Tuesday, August 14, 2007

Hong Kong needs to recognize sacrifices of migrant workers

Letter-writer Mr. Kingsley Smith (The Economist, Aug. 4) wrote to praise Hong Kong for its continued economic progress. However, it has failed to recognize the thousands of domestic helpers from the Philippines and Indonesia, who somehow contributed to Hong Kong's economic development for many decades now. Before the eyes of Hong Kong government, the migrant workers, who have been living under tight restrictions, are eyesores in its society.

Of all places in Asia, discrimination is a problem that haunts the memories of migrant workers, whose only objective in life is to earn an honest living, doing servitude to people who seemed to be stone-hearted and insensitive to accepted humanitarian virtues. This only happens in Asia, which is supposed to be for Asians, except that Hong Kong, an autonomous region of China, is not part of the Association of Southeast Asian Nations (ASEAN). Nobody is certain if it is still dreaming of being the Crown Colony that it once was after it was occupied and developed by Britain for many decades before it relented to China's wishes a couple of years back.

Instead of reciprocating the good deeds of these hapless servants, the Hong Kong government has been observed to be callous and insensitive to the demands of the domestic helpers to at least improve their plights in the servitude of people who find fulfillment and satisfaction at the sufferings of other people, not their own. Perhaps, it is only fitting that foreign servants should be given the option to become residents, after staying for a required number of years. And who wouldn't like to stay in Hong Kong, knowing its progress that continues to attract millions of tourists from around the world. And for many domestic helpers, working in the former Crown Colony is much better than to try their luck in the Middle East, where cultural traditions and religion make it doubly difficult for them to adjust and enjoy their time.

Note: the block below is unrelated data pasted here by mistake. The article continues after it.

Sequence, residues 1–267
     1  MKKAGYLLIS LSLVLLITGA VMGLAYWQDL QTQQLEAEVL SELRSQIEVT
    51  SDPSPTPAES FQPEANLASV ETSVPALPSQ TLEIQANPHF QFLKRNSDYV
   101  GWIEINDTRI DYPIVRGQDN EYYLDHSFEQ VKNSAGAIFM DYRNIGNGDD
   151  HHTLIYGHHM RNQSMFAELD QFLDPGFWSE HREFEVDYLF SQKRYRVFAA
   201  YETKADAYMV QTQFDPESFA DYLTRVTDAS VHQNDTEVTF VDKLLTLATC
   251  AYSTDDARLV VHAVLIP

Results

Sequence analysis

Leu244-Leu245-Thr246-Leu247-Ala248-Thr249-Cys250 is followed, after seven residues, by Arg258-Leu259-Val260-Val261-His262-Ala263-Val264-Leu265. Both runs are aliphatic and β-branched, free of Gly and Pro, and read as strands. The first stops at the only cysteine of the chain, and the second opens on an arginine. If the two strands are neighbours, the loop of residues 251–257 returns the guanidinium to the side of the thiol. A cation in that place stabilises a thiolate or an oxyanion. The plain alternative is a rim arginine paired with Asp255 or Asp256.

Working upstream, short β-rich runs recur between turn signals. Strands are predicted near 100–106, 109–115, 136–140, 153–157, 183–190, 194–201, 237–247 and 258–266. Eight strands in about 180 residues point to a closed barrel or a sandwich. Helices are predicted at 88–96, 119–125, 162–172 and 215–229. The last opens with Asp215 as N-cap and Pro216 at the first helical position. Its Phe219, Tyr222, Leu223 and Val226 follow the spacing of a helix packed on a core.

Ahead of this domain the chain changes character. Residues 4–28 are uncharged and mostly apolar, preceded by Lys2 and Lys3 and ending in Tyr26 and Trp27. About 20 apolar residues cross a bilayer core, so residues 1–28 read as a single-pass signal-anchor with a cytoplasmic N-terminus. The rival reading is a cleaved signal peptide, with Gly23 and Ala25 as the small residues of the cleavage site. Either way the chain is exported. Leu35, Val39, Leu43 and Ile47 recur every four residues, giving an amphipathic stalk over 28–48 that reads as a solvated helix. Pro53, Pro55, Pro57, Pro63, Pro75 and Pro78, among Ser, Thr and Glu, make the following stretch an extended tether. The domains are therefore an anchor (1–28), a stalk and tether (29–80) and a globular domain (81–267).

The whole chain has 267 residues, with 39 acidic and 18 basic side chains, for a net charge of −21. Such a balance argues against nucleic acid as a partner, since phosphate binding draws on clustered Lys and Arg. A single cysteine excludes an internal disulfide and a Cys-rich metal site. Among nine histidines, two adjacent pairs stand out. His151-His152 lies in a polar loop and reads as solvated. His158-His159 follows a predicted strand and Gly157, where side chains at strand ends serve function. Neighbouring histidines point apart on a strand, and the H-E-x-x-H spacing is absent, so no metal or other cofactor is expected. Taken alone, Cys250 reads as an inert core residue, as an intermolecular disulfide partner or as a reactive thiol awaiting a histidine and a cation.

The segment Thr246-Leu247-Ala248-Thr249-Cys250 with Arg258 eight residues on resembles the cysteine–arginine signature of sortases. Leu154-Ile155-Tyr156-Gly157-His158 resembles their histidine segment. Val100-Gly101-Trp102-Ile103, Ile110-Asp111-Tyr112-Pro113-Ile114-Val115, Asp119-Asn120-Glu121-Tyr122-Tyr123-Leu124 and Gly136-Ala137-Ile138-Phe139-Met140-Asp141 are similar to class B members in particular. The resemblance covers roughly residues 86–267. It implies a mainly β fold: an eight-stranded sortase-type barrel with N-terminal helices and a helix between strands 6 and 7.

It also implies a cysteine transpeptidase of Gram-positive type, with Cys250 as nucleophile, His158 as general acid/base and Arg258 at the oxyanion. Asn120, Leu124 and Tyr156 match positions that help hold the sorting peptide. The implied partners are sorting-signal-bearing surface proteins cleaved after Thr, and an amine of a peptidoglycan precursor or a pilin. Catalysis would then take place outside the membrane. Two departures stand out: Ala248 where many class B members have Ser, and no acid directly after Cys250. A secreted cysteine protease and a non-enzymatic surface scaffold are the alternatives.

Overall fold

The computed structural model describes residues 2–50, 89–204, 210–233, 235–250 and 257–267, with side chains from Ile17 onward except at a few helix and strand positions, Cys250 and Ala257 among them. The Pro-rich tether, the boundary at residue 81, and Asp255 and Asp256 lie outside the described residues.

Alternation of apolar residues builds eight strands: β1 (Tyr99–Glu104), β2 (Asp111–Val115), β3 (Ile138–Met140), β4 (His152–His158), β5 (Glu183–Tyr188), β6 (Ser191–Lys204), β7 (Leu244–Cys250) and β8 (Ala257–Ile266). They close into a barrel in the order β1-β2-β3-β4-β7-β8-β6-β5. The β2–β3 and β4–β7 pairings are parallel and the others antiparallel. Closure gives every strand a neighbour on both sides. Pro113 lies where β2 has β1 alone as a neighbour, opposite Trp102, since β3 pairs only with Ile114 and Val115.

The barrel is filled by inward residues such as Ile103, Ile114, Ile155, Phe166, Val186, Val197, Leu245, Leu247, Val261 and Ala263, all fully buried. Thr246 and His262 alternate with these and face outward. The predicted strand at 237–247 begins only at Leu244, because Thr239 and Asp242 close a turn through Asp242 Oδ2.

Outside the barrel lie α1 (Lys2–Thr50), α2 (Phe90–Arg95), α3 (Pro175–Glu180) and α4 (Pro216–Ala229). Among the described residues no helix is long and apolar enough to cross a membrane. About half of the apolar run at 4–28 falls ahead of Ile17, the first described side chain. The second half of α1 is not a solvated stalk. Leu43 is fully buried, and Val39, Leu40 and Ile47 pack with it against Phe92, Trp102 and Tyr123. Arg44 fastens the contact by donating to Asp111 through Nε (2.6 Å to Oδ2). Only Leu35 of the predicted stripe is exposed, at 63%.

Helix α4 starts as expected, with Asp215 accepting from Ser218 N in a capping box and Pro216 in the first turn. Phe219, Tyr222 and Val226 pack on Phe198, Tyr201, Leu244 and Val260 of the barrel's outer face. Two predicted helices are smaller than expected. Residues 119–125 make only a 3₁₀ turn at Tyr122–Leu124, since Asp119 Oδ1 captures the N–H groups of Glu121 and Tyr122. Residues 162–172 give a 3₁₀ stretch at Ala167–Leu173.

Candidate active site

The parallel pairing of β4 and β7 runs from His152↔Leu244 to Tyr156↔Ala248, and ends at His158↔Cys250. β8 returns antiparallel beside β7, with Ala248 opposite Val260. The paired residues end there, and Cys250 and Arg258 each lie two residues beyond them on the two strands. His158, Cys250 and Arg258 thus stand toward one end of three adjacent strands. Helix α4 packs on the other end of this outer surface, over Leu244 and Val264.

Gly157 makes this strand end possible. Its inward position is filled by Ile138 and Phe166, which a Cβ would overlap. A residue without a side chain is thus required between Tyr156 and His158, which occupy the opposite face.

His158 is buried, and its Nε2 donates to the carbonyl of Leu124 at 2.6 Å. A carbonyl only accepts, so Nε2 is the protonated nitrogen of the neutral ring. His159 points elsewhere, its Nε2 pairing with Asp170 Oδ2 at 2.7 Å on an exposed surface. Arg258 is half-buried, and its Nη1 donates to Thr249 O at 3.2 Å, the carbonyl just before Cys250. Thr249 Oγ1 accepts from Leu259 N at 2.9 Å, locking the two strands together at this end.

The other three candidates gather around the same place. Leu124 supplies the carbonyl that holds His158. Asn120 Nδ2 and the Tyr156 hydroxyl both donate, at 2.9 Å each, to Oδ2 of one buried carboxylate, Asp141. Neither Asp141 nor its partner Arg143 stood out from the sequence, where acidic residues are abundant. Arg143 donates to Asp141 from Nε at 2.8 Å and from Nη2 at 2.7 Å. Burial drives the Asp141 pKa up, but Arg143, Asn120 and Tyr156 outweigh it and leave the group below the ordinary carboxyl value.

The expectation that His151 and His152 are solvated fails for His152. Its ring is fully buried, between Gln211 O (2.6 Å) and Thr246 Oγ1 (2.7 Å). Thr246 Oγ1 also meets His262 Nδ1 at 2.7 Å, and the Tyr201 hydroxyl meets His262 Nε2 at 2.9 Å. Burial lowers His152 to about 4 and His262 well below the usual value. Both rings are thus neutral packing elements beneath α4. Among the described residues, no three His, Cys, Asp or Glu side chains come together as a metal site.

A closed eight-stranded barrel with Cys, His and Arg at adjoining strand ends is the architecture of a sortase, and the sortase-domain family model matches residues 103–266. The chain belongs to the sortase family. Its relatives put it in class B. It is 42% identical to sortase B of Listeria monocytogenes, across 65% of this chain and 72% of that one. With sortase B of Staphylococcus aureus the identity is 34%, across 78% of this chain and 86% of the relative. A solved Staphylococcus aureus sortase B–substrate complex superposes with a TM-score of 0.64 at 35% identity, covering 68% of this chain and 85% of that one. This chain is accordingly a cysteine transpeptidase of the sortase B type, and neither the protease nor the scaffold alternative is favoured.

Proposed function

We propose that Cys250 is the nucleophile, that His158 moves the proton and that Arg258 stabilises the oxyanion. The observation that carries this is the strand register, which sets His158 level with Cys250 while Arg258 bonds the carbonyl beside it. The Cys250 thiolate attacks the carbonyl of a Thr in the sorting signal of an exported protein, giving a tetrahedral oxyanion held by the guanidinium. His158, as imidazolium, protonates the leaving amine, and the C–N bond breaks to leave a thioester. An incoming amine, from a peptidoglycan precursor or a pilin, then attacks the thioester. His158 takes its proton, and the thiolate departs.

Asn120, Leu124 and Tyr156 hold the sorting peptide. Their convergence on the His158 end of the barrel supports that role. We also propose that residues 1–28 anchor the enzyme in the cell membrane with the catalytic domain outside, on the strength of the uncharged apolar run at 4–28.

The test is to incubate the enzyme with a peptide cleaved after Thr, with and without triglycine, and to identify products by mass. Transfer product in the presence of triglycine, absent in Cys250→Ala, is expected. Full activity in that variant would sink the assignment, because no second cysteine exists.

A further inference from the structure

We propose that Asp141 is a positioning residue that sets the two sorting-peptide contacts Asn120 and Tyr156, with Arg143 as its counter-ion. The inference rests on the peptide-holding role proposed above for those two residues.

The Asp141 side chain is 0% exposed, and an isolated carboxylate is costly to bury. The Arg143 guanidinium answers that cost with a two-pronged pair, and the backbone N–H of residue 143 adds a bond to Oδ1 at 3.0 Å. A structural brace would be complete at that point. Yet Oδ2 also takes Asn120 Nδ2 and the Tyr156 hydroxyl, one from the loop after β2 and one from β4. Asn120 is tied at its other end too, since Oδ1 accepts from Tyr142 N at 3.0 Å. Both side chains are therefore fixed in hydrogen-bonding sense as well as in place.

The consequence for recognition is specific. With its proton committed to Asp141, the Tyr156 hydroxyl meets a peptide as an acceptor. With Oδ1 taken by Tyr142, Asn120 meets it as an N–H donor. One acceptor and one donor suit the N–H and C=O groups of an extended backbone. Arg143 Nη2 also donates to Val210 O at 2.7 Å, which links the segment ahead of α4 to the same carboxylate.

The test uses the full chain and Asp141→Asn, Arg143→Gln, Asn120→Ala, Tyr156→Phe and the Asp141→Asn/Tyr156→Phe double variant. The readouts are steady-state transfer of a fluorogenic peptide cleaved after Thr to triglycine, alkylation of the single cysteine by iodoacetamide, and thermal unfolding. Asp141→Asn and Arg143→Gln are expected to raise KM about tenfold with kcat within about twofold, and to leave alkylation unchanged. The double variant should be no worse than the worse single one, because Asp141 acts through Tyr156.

The only difference now is whether the Hong Kong government is still considering the idea of crafting a labor policy that would give equal protection to migrant workers. Otherwise, discrimination will continue to be a pain in the asses of those whose only dream is to improve their lives through sacrifices and loneliness in a foreign land.

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